In order to realize a projective measurement on a -dimensional data register the program space must be at least dimensional. Let us start with the assumption that the Hilbert space of the program register is dimensional. In this case the program states have to be orthogonal (this is due to the fact the expression (20) contain off-diagonal elements). Let us consider different (non-degenerate) von Neumann measurements that are determined by a set of operators ( and for all ). Let denote the associated program states and . It is easy to see that for general measurements the resulting operator

(21) |

is not unitary. In particular, . The equality would require that the identity holds. Therefore, we conclude that neither orthogonal states do guarantee the existence of a programmable processor that performs desired set of measurements. This result makes the case of programming the unitaries and von Neumann measurements different.

For instance, let us consider a two-dimensional program register and let us denote and . Then the above condition reads . Using the definition and we obtain the orthogonality conditions . Consequently, because in the two-dimensional case the orthogonal state is unique, we obtain and , i.e. the measurements are the same. For larger the situation is different. The realizable measurements must possess the derived property which can be summarized with the help of Tab. I.

In order to realize more von Neumann measurements on a qudit one has to work with a larger-dimensional program space, i.e. . In general, in this case we work with outcomes and projective operators that define the realized measurement of the program register. However, each PVM consists of maximally projectors. Therefore, of the induced operators should represent the zero operator. It means that when we are realizing the von Neumann measurement such that some of the outcomes do not occur, i.e. probability of them vanishes for all data states. However, there is one more option that the set of operators () contains exactly only different operators (projectors). This means that more results can specify the same projection and define a single result of the realized von Neumann measurement.

The idea of additional, the so called, “zero” operators can be used to formulate a general statement about the implementation of any collection of arbitrary von Neumann measurements. Let us consider von Neumann measurements given by non-zero operators (number of equals to ). We can define the sets of operators by adding to these sets zero operators so that the condition holds. Using this approach we find out that any collection of von Neumann measurements can be realized on a single quantum processor given by Eq.(21) with (maximally) dimensional program space.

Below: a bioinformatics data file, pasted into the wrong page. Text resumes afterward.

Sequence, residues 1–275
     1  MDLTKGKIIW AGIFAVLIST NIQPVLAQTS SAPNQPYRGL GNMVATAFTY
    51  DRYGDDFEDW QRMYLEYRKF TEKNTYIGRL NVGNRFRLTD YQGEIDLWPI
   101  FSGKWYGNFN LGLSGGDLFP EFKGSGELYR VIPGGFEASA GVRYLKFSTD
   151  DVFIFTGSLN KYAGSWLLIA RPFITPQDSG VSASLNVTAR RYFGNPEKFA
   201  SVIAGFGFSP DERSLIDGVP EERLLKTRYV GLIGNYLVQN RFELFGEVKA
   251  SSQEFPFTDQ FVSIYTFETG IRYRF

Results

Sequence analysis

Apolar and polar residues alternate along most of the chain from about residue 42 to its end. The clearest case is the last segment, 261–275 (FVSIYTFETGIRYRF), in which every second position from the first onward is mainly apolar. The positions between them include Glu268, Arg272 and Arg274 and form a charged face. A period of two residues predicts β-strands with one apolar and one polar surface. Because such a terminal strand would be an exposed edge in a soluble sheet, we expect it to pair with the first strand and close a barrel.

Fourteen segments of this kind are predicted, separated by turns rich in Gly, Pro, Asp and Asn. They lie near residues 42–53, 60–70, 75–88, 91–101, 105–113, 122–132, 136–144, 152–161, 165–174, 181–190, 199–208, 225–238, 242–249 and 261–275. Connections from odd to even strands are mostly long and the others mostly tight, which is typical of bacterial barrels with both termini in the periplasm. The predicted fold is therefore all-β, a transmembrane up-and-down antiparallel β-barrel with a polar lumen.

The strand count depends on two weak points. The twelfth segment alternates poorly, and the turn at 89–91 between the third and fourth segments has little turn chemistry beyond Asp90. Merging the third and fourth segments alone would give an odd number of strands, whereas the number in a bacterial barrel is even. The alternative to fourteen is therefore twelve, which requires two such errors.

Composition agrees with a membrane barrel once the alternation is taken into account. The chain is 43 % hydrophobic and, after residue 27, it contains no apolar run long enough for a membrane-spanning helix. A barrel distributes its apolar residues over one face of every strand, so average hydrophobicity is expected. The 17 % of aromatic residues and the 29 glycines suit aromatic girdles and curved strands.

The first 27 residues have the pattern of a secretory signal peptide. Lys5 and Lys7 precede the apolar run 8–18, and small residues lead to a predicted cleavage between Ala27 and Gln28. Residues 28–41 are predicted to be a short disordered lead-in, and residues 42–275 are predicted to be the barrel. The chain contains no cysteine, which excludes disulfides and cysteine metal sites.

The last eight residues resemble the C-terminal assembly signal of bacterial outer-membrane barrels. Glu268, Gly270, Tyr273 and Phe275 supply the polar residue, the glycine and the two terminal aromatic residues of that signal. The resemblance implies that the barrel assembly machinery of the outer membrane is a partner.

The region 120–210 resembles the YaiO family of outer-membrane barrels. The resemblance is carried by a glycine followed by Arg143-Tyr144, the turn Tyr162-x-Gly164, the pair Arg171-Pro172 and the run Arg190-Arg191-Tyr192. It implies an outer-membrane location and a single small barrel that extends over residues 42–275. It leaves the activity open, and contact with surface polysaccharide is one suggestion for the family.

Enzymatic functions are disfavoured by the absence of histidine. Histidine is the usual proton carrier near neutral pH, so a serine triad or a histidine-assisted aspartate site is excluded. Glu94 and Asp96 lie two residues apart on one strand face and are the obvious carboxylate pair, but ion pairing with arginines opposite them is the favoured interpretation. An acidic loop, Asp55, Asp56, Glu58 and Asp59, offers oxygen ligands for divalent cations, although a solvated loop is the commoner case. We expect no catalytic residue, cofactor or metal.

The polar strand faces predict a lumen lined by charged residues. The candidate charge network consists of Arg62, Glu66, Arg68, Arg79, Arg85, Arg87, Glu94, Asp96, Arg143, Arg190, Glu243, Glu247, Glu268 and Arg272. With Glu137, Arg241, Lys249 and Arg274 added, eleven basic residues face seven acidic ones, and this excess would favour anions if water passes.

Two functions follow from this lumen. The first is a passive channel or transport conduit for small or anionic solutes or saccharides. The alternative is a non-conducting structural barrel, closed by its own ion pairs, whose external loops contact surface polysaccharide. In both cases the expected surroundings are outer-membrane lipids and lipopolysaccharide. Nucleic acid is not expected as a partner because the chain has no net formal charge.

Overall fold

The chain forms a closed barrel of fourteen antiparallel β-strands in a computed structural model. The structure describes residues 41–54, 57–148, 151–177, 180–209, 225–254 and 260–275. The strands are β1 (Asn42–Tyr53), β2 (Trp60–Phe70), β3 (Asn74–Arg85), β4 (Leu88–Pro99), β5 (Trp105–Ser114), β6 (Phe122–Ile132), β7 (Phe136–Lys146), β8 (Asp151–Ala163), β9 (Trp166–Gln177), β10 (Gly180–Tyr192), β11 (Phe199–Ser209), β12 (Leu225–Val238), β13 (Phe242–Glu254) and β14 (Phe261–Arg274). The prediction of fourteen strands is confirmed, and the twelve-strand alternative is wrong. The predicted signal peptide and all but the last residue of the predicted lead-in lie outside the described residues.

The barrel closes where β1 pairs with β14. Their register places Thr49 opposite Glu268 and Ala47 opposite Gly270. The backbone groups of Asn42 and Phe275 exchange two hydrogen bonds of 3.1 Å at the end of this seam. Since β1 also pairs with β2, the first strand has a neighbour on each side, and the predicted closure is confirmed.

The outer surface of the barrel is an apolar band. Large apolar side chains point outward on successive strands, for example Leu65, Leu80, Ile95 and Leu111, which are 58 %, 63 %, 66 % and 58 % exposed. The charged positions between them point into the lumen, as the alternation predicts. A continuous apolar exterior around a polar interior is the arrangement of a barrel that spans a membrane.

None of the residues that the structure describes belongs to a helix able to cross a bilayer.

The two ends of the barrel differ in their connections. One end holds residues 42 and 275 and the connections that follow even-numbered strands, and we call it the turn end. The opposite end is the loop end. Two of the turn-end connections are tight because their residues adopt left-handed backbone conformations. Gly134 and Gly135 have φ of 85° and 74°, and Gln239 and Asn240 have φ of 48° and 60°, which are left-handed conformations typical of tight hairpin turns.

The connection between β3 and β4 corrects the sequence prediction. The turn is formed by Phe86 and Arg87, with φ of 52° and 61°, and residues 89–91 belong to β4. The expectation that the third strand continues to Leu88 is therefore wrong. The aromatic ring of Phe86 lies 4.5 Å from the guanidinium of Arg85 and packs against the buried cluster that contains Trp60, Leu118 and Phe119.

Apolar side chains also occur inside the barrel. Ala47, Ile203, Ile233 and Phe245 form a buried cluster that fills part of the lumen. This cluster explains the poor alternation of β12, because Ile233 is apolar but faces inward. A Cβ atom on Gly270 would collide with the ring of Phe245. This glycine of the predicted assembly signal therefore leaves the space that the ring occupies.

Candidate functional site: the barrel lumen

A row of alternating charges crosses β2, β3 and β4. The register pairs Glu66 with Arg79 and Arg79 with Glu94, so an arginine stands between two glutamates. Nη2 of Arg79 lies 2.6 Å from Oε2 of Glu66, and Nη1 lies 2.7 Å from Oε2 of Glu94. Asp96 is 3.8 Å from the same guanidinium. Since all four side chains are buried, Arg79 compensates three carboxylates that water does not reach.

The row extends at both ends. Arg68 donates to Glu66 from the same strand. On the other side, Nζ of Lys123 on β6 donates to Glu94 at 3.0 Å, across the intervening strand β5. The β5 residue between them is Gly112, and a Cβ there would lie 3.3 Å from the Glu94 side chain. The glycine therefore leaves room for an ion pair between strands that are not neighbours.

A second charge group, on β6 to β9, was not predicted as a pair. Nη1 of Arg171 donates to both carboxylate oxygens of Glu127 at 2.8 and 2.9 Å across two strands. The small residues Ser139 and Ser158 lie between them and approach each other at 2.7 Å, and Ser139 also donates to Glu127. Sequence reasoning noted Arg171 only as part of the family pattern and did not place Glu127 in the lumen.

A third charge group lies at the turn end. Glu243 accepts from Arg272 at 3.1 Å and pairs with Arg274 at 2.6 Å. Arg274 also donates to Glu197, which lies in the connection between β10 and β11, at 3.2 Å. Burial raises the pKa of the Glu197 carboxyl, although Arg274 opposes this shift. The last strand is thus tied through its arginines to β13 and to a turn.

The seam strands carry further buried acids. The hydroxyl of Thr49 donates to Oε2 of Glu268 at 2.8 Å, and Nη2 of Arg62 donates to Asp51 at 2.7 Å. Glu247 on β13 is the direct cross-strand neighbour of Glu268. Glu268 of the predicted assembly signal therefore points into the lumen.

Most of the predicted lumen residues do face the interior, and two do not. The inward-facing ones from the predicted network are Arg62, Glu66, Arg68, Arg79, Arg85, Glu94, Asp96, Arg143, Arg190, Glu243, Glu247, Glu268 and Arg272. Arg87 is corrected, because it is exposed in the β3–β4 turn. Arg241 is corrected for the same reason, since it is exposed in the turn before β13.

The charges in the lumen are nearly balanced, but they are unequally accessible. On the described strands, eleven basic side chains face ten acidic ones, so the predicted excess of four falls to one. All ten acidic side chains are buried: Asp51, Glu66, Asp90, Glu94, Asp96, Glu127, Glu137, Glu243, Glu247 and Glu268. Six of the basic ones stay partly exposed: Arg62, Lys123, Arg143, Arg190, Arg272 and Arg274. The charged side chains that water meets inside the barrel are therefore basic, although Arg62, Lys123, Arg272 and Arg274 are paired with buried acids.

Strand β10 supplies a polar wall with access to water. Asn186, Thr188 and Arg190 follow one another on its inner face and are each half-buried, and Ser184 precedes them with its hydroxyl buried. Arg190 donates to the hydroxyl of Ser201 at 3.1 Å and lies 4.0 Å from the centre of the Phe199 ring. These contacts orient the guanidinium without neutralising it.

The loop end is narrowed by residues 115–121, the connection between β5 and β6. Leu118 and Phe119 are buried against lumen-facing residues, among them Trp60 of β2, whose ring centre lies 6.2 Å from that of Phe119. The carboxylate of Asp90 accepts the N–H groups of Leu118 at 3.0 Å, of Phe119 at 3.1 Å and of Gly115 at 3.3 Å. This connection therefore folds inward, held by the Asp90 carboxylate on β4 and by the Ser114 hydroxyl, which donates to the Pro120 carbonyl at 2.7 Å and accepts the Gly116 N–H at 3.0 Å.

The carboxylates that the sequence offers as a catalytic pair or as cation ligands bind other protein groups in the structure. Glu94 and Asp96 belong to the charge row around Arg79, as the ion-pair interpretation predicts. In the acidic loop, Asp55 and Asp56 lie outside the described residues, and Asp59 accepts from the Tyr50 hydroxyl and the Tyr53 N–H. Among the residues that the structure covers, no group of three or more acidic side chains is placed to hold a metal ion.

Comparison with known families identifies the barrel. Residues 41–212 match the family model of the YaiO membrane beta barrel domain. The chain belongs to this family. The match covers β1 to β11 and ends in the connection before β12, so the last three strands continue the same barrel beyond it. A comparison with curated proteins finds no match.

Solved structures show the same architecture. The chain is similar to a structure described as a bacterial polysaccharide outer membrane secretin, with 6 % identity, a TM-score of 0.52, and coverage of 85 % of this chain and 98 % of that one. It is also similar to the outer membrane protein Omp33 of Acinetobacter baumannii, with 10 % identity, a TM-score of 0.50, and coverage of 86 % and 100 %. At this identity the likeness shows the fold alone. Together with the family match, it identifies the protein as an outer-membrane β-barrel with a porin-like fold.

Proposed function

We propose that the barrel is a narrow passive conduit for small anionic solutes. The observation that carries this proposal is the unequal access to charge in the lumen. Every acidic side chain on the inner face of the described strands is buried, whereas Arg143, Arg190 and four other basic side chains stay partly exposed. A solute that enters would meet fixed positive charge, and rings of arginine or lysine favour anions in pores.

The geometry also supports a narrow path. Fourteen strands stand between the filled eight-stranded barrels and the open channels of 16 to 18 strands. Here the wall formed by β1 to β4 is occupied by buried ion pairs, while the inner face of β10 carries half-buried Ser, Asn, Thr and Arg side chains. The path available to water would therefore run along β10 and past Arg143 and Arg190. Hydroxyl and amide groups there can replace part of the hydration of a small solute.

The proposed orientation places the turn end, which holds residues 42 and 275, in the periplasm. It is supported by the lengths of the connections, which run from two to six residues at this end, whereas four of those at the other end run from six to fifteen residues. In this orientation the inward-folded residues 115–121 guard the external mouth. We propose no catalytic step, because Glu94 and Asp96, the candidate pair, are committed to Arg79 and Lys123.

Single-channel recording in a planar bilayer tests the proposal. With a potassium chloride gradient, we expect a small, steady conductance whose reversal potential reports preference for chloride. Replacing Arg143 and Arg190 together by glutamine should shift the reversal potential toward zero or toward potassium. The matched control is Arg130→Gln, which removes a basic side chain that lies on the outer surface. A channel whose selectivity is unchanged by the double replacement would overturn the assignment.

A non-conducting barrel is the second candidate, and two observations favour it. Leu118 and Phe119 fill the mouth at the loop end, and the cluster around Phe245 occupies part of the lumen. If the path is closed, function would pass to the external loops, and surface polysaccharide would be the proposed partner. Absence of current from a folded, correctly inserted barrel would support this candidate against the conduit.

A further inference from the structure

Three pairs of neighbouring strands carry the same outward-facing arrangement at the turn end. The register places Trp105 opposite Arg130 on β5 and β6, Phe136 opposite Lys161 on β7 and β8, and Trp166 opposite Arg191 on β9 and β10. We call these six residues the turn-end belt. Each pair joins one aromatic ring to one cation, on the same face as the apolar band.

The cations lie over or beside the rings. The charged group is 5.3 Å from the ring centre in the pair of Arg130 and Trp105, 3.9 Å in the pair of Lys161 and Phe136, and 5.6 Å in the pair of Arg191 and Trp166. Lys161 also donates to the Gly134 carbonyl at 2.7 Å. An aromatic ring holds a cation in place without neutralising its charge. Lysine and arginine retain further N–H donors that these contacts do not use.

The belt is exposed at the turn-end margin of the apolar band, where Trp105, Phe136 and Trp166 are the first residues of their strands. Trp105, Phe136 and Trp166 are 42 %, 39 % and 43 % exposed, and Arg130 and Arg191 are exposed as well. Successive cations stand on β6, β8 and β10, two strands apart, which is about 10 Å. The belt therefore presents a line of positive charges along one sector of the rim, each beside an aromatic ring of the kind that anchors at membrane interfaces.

### iv.1 Case study: Projective measurements on a qubit.

Let us consider two von Neumann measurements and on a qubit. Further, let us assume a three-dimensional program space and define measurements and , respectively. It is easy to see that neither of these two sets of operators do satisfy the condition . The equality holds only if , i.e. and , but this implies that both measurements are the same. Consequently, the dimension of the program space has to increase by one. Then we have , and the condition holds for all possible measurements . It follows that the implementation of von Neumann measurements on a qubit requires -qubit program space.

The program space of the QID processor given by Eq.(8) consists of two qubits. Using the conclusion of the previous paragraph it follows that two von Neumann measurements could be performed with the help of this processor. It is easy to see that the operators with are not projectors. Moreover, they do not vanish only for certain . Consequently, the projective measurement cannot be realized in the same way as described above. However, the QID-processor can still be exploited to perform a von Neumann measurement.

Using the program state the operator (i.e., , where ) is a projection onto the vector . It is obvious that and , where . It turns out that we have realized PVM described by , i.e. the eigenvectors of the measurement. The state transformation reads (if ), respectively. It follows that the realization of the measurement of is in accordance with the projection postulate. In the same way we can realize and measurement (in these cases different results must be paired). Basically, this corresponds to a choice of different two-valued measurements, but in reality we perform only a single four-valued measurement. As a result we find that on QID we can realize three different von Neumann measurements. Note that we have used only two qubits as the program register. Moreover, the associated program states are not mutually orthogonal, but (for ) and Eq. (20) holds. Namely, for the measurements of and the condition (20) reads .